I say all of this from the position of someone who has been both rescuer and the one being rescued before. The latter deserves more attention in this case. A small cut on my foot while I was paddling caused a systemic infection that would have killed me in 12-24 hours if I hadn’t been rescued by helicopter in the Canadian Yukon. After 5 days of medical treatment, I decided to go back out into the woods to meet up with my group and complete the trip. At the time, I was told there was a chance the infection would resurface but I made the decision to go anyway, thinking the oral antibiotics would be enough. While I had a great time for 14 days on a remote section of the Blackstone River, I was ultimately not ready to head back out into the woods. The infection returned with force and I had to be rescued by helicopter again.
I reflect, with guilt, on the series of decisions that led to my second rescue all the time. I took my strength and health, the privilege of my rescue, the safety of the helicopter pilots, and the availability of local health care completely for granted. Fortunately, the outcome was positive and I’m still able to go play in the woods today, but I can’t help thinking about how selfish it was of me to go back out the second time. Maybe the issue wasn’t even the second time.
Maybe it was my decision to put myself in a potentially dangerous situation by heading out there to begin with, taking it entirely for granted that someone would be there to save me from myself if something went wrong. Do I have the right to assume that, by taking risks with my life, that others will be there to bail me out?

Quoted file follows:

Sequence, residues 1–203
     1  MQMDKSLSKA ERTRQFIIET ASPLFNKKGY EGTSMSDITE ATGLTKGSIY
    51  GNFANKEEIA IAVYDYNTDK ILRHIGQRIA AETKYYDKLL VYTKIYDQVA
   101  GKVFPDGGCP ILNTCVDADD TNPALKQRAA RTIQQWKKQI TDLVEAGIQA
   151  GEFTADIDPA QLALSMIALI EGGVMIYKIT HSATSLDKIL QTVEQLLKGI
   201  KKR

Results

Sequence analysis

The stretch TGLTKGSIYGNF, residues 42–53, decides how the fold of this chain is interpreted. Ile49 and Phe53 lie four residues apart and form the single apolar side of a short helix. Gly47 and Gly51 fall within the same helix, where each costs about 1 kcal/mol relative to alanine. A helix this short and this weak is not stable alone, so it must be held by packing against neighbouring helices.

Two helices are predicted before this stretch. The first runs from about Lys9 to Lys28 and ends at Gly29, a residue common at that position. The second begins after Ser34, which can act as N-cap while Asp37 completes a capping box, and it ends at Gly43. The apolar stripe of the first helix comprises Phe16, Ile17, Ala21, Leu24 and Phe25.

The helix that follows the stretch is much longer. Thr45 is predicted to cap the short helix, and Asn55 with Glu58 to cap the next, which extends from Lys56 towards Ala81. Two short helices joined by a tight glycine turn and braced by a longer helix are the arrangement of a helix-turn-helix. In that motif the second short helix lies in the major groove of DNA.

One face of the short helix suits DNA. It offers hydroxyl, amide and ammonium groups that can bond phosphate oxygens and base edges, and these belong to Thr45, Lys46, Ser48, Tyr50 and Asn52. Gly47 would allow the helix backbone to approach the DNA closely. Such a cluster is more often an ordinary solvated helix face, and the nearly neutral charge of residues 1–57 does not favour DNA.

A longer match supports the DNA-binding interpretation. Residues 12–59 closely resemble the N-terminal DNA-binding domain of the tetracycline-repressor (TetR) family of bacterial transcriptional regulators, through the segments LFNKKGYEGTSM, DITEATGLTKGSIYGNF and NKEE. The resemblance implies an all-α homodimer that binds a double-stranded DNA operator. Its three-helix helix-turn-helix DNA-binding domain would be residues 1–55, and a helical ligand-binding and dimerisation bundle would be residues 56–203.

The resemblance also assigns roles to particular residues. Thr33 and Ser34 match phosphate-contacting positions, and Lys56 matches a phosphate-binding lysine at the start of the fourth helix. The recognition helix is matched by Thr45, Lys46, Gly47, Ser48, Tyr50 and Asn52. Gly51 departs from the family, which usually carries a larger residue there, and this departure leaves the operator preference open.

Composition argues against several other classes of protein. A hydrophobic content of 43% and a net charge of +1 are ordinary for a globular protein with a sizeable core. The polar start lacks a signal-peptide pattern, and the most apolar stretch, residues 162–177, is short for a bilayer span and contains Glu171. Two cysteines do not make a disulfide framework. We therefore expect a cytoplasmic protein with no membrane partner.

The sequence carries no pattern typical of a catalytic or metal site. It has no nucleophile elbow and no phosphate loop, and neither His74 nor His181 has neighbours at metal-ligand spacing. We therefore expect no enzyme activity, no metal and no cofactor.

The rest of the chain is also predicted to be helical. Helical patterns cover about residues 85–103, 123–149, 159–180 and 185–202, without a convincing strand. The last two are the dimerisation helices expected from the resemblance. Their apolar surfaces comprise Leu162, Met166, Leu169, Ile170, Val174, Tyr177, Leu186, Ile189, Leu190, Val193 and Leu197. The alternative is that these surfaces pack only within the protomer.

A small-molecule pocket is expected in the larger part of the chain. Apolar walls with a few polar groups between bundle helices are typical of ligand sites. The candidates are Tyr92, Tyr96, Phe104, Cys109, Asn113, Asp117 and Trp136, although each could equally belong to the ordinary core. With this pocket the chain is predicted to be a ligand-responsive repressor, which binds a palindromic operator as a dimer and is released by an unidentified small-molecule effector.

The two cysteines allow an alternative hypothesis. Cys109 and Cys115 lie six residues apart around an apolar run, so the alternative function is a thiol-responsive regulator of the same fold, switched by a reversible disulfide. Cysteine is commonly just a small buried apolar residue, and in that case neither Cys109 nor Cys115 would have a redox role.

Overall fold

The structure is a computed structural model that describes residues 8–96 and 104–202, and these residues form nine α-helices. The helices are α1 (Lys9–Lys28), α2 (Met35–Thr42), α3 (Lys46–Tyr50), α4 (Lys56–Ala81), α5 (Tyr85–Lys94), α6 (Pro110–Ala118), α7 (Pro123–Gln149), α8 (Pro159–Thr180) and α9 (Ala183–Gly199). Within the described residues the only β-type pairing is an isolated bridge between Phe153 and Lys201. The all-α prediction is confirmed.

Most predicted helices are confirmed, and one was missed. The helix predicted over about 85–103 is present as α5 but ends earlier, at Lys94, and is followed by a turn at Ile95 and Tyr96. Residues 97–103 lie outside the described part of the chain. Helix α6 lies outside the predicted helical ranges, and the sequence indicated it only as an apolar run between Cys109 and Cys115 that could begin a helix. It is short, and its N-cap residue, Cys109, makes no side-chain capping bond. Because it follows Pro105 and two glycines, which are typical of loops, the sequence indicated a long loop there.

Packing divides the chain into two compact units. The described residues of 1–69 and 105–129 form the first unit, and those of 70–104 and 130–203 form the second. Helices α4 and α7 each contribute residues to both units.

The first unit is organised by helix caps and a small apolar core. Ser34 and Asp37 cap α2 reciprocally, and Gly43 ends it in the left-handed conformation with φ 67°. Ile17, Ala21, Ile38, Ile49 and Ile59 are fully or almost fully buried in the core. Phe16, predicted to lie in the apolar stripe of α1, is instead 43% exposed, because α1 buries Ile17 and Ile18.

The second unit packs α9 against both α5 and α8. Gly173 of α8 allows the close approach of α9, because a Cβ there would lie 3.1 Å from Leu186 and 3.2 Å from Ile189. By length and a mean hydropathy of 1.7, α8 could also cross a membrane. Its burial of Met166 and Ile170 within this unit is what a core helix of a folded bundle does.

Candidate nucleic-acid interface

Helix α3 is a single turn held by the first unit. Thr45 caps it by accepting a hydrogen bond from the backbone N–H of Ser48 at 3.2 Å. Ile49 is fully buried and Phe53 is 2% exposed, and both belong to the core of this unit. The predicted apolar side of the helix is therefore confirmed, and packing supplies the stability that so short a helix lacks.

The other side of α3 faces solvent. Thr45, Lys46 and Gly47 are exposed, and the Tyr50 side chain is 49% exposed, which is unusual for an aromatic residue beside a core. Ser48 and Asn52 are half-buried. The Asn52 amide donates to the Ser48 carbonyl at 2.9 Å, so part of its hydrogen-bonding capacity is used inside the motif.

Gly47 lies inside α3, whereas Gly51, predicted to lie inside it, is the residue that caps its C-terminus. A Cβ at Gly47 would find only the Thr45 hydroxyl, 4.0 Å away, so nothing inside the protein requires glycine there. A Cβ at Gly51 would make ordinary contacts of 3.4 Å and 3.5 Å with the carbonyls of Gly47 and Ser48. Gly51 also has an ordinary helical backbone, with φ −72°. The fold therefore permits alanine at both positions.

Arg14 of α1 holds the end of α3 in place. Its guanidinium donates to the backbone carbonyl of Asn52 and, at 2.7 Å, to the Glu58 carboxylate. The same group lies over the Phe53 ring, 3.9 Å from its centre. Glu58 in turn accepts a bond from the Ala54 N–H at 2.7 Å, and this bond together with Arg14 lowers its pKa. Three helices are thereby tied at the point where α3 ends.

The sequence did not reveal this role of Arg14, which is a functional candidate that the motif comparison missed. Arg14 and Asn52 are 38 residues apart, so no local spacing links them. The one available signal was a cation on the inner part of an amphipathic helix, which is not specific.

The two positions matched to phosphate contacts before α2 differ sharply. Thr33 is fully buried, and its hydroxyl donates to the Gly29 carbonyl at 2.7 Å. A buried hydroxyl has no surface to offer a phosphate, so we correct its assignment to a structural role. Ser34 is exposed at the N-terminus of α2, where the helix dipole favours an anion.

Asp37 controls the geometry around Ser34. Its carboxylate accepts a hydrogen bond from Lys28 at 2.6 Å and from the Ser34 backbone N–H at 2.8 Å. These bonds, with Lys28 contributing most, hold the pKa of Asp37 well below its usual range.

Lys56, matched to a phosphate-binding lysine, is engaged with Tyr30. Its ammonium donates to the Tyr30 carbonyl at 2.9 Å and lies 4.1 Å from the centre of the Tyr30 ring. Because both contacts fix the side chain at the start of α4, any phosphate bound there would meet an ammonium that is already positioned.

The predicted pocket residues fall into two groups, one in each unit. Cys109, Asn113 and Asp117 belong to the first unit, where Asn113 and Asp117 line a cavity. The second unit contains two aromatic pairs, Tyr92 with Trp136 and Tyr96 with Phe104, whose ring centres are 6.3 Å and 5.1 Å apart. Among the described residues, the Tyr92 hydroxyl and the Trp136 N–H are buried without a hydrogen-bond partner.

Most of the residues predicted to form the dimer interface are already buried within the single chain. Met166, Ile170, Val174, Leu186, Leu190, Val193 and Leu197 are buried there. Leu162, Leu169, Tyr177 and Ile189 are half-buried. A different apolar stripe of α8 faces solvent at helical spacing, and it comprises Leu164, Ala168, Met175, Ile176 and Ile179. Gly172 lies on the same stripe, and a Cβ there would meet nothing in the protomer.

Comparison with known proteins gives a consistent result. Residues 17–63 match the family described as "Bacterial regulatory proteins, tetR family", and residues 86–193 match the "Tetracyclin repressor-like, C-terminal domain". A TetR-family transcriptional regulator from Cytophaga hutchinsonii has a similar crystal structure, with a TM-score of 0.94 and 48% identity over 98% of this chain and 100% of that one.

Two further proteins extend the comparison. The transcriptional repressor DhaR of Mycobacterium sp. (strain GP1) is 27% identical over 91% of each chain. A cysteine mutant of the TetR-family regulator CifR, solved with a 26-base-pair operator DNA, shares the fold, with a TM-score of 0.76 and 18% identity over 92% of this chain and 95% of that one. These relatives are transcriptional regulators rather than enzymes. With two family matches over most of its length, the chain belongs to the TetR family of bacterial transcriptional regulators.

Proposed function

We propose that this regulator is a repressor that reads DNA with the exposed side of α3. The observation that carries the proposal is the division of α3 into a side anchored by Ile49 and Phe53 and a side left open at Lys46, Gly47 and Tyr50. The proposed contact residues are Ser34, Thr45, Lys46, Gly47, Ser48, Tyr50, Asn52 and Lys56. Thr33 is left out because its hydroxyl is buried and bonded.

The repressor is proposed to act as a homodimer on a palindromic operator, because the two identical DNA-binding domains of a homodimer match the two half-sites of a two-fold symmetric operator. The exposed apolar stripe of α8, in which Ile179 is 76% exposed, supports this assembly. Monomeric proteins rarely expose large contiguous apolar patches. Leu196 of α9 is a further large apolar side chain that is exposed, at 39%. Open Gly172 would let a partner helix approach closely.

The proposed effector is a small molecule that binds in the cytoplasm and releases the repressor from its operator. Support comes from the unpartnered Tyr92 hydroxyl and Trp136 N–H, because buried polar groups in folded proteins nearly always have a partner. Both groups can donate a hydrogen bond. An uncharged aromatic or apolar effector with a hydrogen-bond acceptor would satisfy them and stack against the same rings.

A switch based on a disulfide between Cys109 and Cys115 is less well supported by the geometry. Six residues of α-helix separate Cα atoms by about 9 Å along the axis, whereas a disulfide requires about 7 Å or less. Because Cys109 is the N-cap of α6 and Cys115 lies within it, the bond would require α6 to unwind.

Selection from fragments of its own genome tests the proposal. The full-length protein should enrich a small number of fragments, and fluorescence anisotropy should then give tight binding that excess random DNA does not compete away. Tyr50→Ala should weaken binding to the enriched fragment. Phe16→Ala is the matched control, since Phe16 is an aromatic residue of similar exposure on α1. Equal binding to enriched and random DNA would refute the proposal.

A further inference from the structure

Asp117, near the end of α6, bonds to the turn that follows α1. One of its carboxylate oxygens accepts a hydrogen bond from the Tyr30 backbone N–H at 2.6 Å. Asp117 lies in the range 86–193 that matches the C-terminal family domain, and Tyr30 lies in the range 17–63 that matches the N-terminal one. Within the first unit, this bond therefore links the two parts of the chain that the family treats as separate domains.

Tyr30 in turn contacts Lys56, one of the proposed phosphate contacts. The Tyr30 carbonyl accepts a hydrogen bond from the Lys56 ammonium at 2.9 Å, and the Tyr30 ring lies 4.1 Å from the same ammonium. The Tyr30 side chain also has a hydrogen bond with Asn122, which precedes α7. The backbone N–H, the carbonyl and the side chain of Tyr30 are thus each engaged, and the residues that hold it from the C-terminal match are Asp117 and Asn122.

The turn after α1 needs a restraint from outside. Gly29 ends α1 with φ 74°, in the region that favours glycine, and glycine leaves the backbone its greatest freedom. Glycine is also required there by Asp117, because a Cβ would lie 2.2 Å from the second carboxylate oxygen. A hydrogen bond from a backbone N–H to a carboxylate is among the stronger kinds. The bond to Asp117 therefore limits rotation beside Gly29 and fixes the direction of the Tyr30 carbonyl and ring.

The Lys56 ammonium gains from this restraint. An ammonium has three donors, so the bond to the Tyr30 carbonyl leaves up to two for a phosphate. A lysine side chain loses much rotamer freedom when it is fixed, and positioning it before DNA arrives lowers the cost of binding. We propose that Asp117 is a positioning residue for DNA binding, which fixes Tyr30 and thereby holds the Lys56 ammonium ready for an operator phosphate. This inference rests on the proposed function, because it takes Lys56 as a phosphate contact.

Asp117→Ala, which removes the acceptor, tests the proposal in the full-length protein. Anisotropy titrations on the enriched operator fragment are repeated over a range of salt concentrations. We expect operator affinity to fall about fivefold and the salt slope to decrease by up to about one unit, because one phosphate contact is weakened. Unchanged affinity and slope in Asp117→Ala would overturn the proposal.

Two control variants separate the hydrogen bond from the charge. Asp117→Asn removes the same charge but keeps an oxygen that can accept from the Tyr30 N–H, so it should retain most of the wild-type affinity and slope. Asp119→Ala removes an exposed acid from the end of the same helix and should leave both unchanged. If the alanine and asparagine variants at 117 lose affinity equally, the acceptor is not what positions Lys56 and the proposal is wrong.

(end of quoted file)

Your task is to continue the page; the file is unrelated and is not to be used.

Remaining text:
The recent helicopter rescue on the Trap Dike on Mount Colden serves as another perfect example for consideration. The history of this route speaks for itself. Despite the fact that more than a few people have died ascending it, the trap dike still draws dozens of hikers and climbers every year. In a rescue on July 18, a group of 2 became stranded when they exited the Dike a little early. This is an honest mistake made by people who, by all appearances, were prepared for the climb. Regardless, it still required two Rangers and a helicopter to become involved in picking them off a ledge that they had arrived at by their own power.
It’s hard to say how much blame we can assign in a case like this. Unpacking people’s motivation to climb mountains or to pass out condemnation is not the purpose of this column.
The goal here is to prompt everyone who recreates outdoors in the Adirondacks to think about the choices they make and to take more responsibility for them, especially when it comes to wilderness rescue. If everyone took more time to accurately assess their ability, their preparedness, and their goals, we could begin to reduce the burden that we place on our rescue professionals and the environment here. If we want to continue to have the privilege to be rescued when we do get into trouble, then this is the best place to start.